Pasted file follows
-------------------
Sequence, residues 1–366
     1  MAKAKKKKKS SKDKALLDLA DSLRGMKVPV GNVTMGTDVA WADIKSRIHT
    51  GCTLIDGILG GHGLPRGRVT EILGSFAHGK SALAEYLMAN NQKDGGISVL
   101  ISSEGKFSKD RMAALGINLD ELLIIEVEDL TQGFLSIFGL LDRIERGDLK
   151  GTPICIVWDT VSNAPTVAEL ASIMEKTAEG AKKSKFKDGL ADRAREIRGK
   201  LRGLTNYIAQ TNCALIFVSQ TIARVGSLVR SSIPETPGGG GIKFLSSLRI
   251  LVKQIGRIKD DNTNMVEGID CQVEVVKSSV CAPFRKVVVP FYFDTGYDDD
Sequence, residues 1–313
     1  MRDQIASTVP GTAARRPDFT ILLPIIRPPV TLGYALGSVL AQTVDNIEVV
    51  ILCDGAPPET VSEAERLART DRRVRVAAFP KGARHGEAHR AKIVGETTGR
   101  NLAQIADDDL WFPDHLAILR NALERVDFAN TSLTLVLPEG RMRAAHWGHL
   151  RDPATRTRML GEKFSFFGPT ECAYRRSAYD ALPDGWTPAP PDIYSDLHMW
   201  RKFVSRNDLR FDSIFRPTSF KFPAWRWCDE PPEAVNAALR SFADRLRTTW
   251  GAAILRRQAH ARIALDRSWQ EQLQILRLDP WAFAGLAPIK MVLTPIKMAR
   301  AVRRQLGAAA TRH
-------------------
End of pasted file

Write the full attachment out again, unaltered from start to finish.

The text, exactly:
Sequence, residues 1–366
     1  MAKAKKKKKS SKDKALLDLA DSLRGMKVPV GNVTMGTDVA WADIKSRIHT
    51  GCTLIDGILG GHGLPRGRVT EILGSFAHGK SALAEYLMAN NQKDGGISVL
   101  ISSEGKFSKD RMAALGINLD ELLIIEVEDL TQGFLSIFGL LDRIERGDLK
   151  GTPICIVWDT VSNAPTVAEL ASIMEKTAEG AKKSKFKDGL ADRAREIRGK
   201  LRGLTNYIAQ TNCALIFVSQ TIARVGSLVR SSIPETPGGG GIKFLSSLRI
   251  LVKQIGRIKD DNTNMVEGID CQVEVVKSSV CAPFRKVVVP FYFDTGYDDD
Sequence, residues 1–313
     1  MRDQIASTVP GTAARRPDFT ILLPIIRPPV TLGYALGSVL AQTVDNIEVV
    51  ILCDGAPPET VSEAERLART DRRVRVAAFP KGARHGEAHR AKIVGETTGR
   101  NLAQIADDDL WFPDHLAILR NALERVDFAN TSLTLVLPEG RMRAAHWGHL
   151  RDPATRTRML GEKFSFFGPT ECAYRRSAYD ALPDGWTPAP PDIYSDLHMW
   201  RKFVSRNDLR FDSIFRPTSF KFPAWRWCDE PPEAVNAALR SFADRLRTTW
   251  GAAILRRQAH ARIALDRSWQ EQLQILRLDP WAFAGLAPIK MVLTPIKMAR
   301  AVRRQLGAAA TRH